In the embodiment shown, the polymer ring 33 comprises a generally cylindrical or tubular portion 43 and a larger flange 45 on one axial end of portion 43. The radial outer surface 47 of the tubular portion 43 includes rib 49, which protrudes radially therefrom. A radial taper 51 extends from tubular portion 43 and is located opposite the flange 45. The radial taper 51 reduces both the inner and outer diameters of the polymer ring 33 at an opposite axial end to the flange 45. Overall, the polymer ring 33 has a generally L-shaped sectional profile, as shown in the illustrated embodiment.

The polymer ring 33 may further comprise one or more sets of concave grooves on or adjacent to the dynamic surface for the application. For example, polymer ring 33 may be provided with a first set of particulate rejection grooves 53, and a second set of fluid and particulate retention grooves 55 that are axially spaced apart from the first set of grooves 53. Grooves 55 are smaller in size but greater in number than grooves 53. Grooves 53 are located axially opposite the flange 45 and elastomer body 35. Grooves 55 are located axially between the grooves 53 and the elastomer body 35, and opposite rib 49. Both sets of grooves 53, 55 are located on a radial inner surface of the polymer ring 33 which, in this case, is a dynamic surface. The grooves 53, 55 on the dynamic side of the polymer beneficially entrap foreign particles and some lubricant to help reduce friction and reduce wear. The grooves also act as a scraping device.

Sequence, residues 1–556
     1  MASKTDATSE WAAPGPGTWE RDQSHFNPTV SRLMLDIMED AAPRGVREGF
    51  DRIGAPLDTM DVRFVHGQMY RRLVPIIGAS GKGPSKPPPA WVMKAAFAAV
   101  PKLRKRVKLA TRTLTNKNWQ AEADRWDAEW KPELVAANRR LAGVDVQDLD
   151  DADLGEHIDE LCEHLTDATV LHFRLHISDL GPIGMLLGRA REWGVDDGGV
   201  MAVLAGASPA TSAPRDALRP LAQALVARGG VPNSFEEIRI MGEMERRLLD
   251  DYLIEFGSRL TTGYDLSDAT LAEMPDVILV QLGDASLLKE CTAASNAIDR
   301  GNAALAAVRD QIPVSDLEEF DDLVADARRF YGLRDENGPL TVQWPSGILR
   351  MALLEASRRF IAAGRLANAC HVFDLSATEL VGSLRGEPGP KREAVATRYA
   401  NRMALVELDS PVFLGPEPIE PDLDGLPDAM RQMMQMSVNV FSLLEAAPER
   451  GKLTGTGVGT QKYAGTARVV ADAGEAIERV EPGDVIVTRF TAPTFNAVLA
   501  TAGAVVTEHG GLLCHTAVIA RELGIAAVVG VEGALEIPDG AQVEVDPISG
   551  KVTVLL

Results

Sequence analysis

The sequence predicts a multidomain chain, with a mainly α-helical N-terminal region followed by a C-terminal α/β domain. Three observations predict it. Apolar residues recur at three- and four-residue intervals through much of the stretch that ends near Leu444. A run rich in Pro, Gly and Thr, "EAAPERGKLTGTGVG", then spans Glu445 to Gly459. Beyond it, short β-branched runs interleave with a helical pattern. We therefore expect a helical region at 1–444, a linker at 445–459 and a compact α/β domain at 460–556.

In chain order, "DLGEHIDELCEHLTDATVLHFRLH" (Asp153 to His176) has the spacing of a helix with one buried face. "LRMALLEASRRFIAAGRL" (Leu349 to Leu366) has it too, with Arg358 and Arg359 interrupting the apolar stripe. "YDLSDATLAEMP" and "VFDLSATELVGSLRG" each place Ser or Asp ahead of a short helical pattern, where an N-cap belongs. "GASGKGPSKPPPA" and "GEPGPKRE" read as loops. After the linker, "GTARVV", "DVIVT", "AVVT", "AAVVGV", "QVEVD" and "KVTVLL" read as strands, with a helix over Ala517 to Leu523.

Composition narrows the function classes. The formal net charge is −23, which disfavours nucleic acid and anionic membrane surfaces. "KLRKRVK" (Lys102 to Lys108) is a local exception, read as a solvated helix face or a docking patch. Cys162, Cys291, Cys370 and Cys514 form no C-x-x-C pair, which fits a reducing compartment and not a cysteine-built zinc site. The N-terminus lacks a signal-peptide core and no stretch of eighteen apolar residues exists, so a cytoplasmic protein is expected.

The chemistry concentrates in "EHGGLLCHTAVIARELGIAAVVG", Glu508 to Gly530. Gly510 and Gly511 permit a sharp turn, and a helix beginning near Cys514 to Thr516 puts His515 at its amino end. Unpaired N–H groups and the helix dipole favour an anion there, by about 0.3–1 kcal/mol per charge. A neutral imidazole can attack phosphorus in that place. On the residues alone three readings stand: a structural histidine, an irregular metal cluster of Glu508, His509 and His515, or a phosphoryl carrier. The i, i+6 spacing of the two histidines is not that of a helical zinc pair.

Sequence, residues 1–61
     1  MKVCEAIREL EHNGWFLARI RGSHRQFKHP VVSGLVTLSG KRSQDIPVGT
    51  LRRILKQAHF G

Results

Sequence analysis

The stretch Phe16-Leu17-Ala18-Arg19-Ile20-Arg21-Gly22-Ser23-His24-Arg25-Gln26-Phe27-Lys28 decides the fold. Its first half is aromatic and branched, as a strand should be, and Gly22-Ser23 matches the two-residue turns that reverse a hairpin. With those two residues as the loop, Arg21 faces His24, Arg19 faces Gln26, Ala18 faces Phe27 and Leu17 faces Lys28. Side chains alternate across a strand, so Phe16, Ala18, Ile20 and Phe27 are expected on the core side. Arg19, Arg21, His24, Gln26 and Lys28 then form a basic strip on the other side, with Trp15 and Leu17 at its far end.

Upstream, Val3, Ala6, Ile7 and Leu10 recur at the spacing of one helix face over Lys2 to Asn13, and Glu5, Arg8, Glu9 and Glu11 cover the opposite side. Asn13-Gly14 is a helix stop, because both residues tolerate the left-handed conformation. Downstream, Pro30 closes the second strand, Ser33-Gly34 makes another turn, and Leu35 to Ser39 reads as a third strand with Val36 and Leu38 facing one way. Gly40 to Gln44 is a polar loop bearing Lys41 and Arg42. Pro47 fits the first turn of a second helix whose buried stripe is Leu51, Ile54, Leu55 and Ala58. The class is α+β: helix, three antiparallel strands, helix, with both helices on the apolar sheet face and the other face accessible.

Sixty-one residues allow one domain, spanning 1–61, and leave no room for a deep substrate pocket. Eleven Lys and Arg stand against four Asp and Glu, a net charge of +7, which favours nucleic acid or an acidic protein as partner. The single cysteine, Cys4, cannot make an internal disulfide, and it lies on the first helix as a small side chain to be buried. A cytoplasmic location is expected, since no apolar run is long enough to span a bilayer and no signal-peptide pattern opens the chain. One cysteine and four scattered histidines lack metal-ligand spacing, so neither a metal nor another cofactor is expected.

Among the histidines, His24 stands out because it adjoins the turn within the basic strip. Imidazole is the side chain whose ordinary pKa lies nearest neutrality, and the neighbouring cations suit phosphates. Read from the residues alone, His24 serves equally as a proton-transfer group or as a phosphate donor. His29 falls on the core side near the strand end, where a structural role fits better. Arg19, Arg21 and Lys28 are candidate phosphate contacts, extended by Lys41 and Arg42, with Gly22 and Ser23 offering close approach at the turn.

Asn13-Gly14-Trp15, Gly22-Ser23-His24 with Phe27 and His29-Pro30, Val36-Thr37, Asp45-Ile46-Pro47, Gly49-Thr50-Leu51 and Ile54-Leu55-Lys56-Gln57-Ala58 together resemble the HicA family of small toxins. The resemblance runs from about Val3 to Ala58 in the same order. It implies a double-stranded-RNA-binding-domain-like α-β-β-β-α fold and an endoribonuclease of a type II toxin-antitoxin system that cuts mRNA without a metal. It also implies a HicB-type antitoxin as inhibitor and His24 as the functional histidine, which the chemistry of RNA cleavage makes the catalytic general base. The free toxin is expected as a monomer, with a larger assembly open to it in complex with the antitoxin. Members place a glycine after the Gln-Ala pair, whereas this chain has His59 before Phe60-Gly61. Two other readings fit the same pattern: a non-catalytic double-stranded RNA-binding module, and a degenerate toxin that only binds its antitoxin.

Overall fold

As best shown in FIG. 2, the portions 39, 41 on elastomer body 35 may comprise radially extending surfaces that are configured with concave radii. The concave radii are located at the contacting portions with the housing 11 and rod 21. These portions 39, 41 extend in opposite directions and provide a compressive load biasing arc against the inner and outer hardware elements again which they seal. In

FIGS. 1-3, portions 39, 41 are shown exaggerated into the hardware in an undeformed state as they would appear prior to installation between the housing 11 and rod 21.